Director of National Intelligence James Clapper is under fire for statements he made before Congress that suggested he had no knowledge about federal government programs that collected data on millions of Americans’ phone calls and Internet activities.
In March, Clapper said at a Senate Intelligence Committee hearing that he was not aware that the National Security Agency was involved in such large-scale efforts.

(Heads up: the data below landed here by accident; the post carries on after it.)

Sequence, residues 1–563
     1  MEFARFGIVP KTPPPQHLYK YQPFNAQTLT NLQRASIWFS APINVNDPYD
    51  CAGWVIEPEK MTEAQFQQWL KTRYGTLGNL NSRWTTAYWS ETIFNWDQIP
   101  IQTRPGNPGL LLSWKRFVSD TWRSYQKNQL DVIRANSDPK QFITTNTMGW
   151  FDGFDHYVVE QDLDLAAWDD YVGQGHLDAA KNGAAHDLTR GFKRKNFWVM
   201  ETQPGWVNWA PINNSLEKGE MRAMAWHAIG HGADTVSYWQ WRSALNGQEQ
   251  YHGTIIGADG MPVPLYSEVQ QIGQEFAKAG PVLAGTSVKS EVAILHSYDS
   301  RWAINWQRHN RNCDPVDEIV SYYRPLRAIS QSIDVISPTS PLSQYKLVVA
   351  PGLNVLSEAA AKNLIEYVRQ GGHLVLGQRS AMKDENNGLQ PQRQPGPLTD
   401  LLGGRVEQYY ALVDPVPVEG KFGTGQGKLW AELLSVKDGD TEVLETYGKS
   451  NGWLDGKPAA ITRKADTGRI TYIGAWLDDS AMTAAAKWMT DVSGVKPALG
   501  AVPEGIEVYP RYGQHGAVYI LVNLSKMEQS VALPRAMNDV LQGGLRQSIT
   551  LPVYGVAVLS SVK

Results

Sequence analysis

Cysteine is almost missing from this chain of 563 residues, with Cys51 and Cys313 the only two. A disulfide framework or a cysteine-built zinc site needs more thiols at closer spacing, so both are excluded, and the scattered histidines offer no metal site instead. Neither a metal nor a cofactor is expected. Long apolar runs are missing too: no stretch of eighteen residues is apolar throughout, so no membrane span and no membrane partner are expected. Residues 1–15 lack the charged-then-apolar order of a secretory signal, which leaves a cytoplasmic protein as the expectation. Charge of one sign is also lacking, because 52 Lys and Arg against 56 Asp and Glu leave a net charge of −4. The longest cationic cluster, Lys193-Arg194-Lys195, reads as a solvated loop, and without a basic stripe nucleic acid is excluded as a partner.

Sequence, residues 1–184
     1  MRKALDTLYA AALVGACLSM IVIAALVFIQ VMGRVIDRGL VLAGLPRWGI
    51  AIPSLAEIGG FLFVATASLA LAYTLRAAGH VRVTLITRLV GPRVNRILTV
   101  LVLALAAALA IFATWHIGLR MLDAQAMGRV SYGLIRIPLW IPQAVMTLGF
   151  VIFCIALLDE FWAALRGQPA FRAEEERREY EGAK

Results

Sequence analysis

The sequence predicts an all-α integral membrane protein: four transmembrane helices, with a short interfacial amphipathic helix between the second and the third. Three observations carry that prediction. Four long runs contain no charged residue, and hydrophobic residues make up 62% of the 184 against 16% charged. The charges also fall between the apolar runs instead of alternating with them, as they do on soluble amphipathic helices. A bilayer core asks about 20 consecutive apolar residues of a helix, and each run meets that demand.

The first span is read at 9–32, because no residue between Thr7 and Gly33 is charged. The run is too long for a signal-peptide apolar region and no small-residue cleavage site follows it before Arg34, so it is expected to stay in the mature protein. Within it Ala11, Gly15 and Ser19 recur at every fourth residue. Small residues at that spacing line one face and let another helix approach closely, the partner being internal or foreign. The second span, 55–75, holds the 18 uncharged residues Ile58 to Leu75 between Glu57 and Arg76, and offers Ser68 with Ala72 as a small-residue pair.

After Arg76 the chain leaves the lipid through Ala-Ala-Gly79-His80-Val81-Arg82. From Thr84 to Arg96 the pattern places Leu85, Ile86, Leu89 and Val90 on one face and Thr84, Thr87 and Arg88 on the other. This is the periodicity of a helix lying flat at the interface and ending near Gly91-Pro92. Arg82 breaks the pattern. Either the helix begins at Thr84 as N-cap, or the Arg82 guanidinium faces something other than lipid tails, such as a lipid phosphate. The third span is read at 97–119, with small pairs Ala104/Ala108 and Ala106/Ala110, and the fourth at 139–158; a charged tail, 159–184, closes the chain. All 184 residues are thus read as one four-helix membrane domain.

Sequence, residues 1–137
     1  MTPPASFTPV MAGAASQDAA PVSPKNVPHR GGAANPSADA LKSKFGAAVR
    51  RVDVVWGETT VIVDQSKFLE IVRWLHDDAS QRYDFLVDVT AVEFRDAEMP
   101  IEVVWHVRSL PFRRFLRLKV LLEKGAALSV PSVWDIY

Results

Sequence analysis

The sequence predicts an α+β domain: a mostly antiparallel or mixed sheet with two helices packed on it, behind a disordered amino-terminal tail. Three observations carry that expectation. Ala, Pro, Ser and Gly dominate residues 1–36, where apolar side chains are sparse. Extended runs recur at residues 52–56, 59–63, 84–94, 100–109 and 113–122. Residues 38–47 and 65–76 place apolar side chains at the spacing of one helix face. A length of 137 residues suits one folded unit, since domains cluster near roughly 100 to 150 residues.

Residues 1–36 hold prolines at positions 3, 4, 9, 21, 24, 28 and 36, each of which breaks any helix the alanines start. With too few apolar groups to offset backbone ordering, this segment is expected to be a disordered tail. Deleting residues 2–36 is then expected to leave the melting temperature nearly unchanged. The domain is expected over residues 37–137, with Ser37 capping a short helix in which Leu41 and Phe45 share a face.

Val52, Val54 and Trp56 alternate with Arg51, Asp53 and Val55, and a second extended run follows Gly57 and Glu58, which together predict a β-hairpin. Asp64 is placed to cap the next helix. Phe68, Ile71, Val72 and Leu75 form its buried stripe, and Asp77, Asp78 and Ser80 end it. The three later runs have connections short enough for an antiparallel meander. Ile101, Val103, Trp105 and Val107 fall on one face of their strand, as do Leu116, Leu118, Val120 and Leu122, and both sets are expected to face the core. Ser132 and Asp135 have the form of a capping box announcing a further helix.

The questioning of Clapper’s statements follow blockbuster news last week that the federal government has since 9/11 been logging millions, perhaps billions, of calls and Internet activities and as the NSA’s top official goes before the same Senate committee for a closed-door briefing on the issue.
“Does the NSA collect any type of data at all on millions or hundreds of millions of Americans?” Oregon Republican Sen. Ron Wyden asked Clapper at the March 12 hearing.
“No, sir,” Clapper responded.
“It does not?” Wyden pressed.
Clapper recanted and said: “Not wittingly. There are cases where they could, inadvertently perhaps, collect — but not wittingly.”
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